At CES this year, Sports Tracker, which is owned by Finnish company Amer Sports, came to show off their revamped app with the help of three gold medal Olympians: snowboarder Kaitlyn Farrington, hurdler Brianna Rollins, and diver David Boudia.
And Sports Tracker has a lot to show off.
The new Sports Tracker app has everything a goal-focused athlete can hope for without drowning you in too much data. Sports Tracker comes preloaded with 26 different activities. The activity list features common favorites like running, hiking, and cycling, but it also includes “motorsports,” which I have to imagine is particularly difficult to track with a smartphone.
After a run, or any other activity, it compiles a convenient snapshot of your performance. To help you better remember each run, you can also add a photo. Or, in my case, an unflattering, mid-run selfie.
To keep you motivated, Sports Tracker includes a simple goal-setting system. Just set how often you want to do a particular activity, and you’ll see your progress after every day.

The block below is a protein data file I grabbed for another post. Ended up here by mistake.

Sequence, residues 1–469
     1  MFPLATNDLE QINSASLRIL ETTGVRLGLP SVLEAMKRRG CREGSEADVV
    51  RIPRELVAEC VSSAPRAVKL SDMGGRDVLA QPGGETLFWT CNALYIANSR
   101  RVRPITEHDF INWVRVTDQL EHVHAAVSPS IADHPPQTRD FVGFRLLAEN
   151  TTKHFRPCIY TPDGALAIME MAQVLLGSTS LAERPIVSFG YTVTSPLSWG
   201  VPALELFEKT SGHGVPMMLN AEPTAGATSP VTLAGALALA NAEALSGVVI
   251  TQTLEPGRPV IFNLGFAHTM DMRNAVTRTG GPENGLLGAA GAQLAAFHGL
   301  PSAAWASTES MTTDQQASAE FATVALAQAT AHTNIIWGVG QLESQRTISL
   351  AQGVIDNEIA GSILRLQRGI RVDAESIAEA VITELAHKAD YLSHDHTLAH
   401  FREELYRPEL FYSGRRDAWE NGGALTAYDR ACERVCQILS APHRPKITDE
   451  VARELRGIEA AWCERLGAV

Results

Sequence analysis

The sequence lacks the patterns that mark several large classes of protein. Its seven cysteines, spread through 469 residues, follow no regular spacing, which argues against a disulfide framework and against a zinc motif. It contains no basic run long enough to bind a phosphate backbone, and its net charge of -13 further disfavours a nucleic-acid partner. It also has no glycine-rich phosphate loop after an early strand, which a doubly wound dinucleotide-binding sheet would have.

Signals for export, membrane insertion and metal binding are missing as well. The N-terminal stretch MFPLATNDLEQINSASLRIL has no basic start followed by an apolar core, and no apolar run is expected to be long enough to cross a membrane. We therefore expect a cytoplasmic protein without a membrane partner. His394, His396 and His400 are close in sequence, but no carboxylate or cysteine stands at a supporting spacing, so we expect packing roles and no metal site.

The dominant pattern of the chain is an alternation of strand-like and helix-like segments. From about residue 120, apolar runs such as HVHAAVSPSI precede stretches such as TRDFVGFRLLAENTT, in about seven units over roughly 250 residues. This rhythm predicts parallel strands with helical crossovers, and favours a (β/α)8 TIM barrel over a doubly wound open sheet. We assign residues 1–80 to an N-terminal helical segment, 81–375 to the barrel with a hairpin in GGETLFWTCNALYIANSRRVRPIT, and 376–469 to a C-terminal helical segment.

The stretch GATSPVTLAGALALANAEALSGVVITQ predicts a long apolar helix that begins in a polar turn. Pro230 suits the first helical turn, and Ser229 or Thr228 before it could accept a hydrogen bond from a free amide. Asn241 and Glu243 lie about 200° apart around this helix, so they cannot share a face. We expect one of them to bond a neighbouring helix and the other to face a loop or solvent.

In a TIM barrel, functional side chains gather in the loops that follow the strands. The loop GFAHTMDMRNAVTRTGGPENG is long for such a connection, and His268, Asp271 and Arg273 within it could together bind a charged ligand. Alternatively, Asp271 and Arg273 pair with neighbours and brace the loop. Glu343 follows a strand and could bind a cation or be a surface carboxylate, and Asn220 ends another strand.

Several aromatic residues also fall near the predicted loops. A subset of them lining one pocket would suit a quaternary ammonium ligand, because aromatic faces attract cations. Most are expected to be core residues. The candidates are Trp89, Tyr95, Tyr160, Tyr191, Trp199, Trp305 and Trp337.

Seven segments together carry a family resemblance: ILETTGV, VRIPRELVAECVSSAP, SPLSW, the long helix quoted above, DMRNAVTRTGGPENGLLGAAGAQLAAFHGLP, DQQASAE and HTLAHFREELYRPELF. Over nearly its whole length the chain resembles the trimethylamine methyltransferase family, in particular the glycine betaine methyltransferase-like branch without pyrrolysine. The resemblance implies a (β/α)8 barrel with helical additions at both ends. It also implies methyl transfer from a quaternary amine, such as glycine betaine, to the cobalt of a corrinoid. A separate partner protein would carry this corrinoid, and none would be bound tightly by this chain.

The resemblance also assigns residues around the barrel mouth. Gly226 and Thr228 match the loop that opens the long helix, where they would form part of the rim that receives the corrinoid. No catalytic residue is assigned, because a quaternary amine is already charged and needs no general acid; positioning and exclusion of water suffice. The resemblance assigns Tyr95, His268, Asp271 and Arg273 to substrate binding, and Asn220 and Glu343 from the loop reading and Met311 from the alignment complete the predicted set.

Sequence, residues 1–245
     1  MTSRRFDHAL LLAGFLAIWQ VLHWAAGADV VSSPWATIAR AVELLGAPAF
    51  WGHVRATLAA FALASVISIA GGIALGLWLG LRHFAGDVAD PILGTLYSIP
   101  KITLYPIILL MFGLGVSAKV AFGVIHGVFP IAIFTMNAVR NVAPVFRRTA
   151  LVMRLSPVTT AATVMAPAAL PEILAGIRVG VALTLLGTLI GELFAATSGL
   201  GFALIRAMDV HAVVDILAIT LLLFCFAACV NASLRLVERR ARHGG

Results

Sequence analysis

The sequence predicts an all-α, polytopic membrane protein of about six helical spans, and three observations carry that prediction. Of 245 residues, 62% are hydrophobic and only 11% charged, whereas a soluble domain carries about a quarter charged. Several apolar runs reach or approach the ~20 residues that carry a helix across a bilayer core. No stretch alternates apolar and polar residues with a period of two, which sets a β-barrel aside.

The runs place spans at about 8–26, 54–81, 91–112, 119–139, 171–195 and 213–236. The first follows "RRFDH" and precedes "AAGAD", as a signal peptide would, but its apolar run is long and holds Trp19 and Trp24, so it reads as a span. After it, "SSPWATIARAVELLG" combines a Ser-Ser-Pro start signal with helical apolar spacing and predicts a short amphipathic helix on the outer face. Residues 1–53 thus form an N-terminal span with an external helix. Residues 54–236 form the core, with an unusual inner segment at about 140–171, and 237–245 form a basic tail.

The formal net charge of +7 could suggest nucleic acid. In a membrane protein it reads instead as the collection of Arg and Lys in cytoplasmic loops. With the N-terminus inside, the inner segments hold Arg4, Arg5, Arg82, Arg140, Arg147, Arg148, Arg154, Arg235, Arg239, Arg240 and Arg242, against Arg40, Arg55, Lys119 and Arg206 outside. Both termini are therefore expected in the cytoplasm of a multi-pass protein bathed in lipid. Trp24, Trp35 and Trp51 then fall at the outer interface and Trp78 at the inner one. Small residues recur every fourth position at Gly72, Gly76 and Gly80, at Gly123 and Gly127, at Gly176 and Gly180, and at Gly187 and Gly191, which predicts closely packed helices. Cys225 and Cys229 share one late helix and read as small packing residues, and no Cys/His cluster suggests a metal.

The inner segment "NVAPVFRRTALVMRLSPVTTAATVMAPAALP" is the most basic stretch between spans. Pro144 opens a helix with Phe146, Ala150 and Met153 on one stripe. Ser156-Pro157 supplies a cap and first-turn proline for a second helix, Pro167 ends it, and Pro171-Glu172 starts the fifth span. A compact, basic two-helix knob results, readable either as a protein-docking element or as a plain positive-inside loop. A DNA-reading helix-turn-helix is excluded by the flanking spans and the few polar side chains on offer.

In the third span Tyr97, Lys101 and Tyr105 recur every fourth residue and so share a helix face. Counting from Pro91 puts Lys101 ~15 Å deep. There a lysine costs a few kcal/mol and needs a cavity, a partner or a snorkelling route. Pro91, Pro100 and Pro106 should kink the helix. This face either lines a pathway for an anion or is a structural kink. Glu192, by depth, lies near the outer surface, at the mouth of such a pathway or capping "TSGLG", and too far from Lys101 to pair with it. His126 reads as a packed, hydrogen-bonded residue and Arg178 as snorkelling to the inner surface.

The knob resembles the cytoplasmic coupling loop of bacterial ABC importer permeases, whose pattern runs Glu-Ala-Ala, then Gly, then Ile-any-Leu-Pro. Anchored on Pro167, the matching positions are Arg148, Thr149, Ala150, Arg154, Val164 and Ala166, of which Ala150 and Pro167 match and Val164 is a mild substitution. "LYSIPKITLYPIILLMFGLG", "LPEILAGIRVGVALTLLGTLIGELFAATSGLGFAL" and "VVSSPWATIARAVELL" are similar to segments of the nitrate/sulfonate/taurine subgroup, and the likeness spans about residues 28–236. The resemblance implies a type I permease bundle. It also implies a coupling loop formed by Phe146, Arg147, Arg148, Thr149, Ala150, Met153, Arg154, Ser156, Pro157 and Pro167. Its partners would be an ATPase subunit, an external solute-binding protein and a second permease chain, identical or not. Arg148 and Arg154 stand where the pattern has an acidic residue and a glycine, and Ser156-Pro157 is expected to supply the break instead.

The social features are robust. Not only can you share your runs with other people through Facebook, but you can see what runs other Sports Tracker users have made in your area (if they choose to publicly share them). If you love running around your neighborhood, this can give you a few new ideas about what route to run next.
Alternatively, if you feel like breaking new ground, you can use the route planning feature. While inside the app, you simply pick out any spot that’s included in Google Maps and plot your route through the streets. It’s an easy way to get an estimate of how long a particular run will last.
For the fitness data geeks, you can also dive deeper with more advanced data like cadence. But that’s optional, and if you’re only interested in more basic data, then that’s all you’ll see.
Most importantly, the app is cleanly designed and easy to navigate. It’s simple to figure out what you should do just seconds after your first open it up.
If you have a heart rate tracker, such as a chest strap heart rate monitor produced by Sports Tracker’s closely related sister company Suunto, you can also see how your heart reacted to the run.
Though Suunto has been around since 1936, their brand is less recognizable than Garmin in the world of high-end wearable and fitness tracking.
But with the recent improvements to the Sports Tracker app and the increasingly diverse selection of Suunto fitness watches, including the recently-announced Spartan Sport Wrist HR, it’s clear that the company is making a bid for the wrists (and phones) of serious weekend athletes.